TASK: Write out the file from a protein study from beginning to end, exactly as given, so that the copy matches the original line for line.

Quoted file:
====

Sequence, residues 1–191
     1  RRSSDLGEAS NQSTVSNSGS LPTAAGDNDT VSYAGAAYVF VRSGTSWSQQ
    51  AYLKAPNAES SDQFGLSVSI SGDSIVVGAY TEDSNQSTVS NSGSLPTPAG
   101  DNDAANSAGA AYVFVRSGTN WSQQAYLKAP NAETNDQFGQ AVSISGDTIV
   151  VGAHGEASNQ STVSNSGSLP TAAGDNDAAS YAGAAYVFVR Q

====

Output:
Sequence, residues 1–191
     1  RRSSDLGEAS NQSTVSNSGS LPTAAGDNDT VSYAGAAYVF VRSGTSWSQQ
    51  AYLKAPNAES SDQFGLSVSI SGDSIVVGAY TEDSNQSTVS NSGSLPTPAG
   101  DNDAANSAGA AYVFVRSGTN WSQQAYLKAP NAETNDQFGQ AVSISGDTIV
   151  VGAHGEASNQ STVSNSGSLP TAAGDNDAAS YAGAAYVFVR Q